- SOLUTION: see if other speakers are willing to move to the end and risk being bumped / ok to say 'no'
- SOLUTION: asking other speakers to cut their talks short (or sacrificing a break) each have a price. Better to deny the opportunity to speak and ask the speaker to get involved in organizing the next event, to ensure there's plenty of time in the schedule for talks.
- For multi-room events, breaks in speaker-driven schedule aren't synchronized
- SOLUTION: if speakers are choosing their own time slots (a common BarCamp practice) have someone watching to make sure they are roughly synchronized with other talks. This will make it easier for people to switch rooms between talks
- SOLUTION: arrange the sign-up sheets into fixed sized slots (often 30 minutes) and synchronization will work better.
Day of event[edit | edit source]
- Not setting expectations can lead to passive attitudes prone to bitching and leaving early.
- SOLUTION: work with fellow organizers to get the word out about what is expected of organizers, speakers, volunteers and attendees.
- SOLUTION: being open events that reflect one's community, they reflect both the good and the not-so-good. As a result substance won't necessarily come from the speakers themselves, but rather through participants asking questions of the speakers during their talks.
- Speaker taking far longer than appropriate (eg: pushing an hour for a 15-minute talk)
- SOLUTION: establish a maximum time limit for everybody, and don't be afraid to issue five minute warnings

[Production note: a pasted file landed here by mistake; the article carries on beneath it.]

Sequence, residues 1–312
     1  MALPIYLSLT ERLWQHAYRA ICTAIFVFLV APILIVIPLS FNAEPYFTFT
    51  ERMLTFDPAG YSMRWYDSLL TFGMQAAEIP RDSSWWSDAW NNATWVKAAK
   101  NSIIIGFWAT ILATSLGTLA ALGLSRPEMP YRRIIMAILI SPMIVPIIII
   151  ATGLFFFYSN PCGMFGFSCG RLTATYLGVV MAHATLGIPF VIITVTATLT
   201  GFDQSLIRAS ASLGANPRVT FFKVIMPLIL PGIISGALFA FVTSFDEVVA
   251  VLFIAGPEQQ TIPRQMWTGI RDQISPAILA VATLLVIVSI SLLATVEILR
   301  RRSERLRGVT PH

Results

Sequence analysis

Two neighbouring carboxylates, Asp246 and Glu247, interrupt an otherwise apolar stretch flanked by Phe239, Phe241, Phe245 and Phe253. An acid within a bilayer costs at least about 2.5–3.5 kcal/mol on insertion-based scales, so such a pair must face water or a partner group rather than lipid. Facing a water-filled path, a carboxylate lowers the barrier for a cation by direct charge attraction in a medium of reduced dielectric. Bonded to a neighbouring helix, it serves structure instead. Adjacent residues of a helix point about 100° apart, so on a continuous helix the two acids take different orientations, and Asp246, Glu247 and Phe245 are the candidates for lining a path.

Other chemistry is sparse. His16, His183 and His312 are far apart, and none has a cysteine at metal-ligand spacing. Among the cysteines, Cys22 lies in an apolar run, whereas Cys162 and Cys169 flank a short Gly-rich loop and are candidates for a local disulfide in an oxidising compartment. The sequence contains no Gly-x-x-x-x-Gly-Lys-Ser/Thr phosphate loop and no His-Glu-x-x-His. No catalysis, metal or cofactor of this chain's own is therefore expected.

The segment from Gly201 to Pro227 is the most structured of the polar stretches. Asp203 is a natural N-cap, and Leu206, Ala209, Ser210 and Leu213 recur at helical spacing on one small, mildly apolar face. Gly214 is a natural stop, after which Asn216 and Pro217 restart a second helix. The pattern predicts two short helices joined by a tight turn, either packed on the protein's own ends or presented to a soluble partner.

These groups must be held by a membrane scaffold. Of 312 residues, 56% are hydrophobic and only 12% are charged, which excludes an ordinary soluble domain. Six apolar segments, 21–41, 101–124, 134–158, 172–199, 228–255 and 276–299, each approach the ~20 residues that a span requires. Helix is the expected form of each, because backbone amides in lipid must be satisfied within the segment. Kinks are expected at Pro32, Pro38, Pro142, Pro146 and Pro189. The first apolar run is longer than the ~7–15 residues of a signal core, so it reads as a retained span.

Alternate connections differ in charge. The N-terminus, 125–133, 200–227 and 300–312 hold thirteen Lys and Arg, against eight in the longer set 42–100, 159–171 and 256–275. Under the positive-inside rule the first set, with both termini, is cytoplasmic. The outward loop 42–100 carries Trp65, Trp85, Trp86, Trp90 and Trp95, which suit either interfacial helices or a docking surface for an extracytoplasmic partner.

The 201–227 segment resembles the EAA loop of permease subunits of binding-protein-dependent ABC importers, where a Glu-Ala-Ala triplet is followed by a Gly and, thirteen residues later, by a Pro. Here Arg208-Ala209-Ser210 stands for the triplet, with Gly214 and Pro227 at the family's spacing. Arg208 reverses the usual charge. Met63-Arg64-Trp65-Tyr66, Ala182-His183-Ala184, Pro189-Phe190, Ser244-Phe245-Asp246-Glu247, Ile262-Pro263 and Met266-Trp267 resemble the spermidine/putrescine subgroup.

- Speaker shoehorns in additional subject matter eg: signed up to talk about x, but is actually talking about non-skeptical topic y (aka "Bait and Switch")
- SOLUTION: hey, you were blindsided. start with diplomacy.
- SOLUTION: leverage SkeptiCamp's interactive nature to derail attempts to abuse its openness -- ask questions about topic x and turn it into a discussion session, for example.
- For multi-room events, speaker with borderline subject matter signs up to give hour-long talk in large (and desirable) room
- SOLUTION: publish a policy before the event that any talks over a certain duration in large room must be approved by organizers. No such restrictions for smaller rooms.
After the event[edit | edit source]
- Not enough feedback from attendees: What they liked, didn't like, etc.
- SOLUTION: Have a participant survey available the day of the event, to be dropped off in a box as they leave. Or, have a web site set up for the survey immediately following the event, and make sure all attendees know about it. E-Mail them a reminder, if you can.
- SOLUTION: At least one of the organizers should make an effort to chat with attendees when it is over, about how things went; while the others are doing clean-up and break-down.
- SOLUTION: Ask attendees to relate their experiences of the event via their blog, podcast, Twitter, Facebook, etc.. Remember first rule of SkeptiCamp is to talk about SkeptiCamp.
- Always try to leave the location in slightly better condition than when you arrived there, if you can.
See also[edit | edit source]
- Organizing a SkeptiCamp Event
- What Went Right - the flip side of this page, detailing successes of events
- SkeptiCamp Tips - the source document for the automated SkeptiCamp tip feed to Twitter and Facebook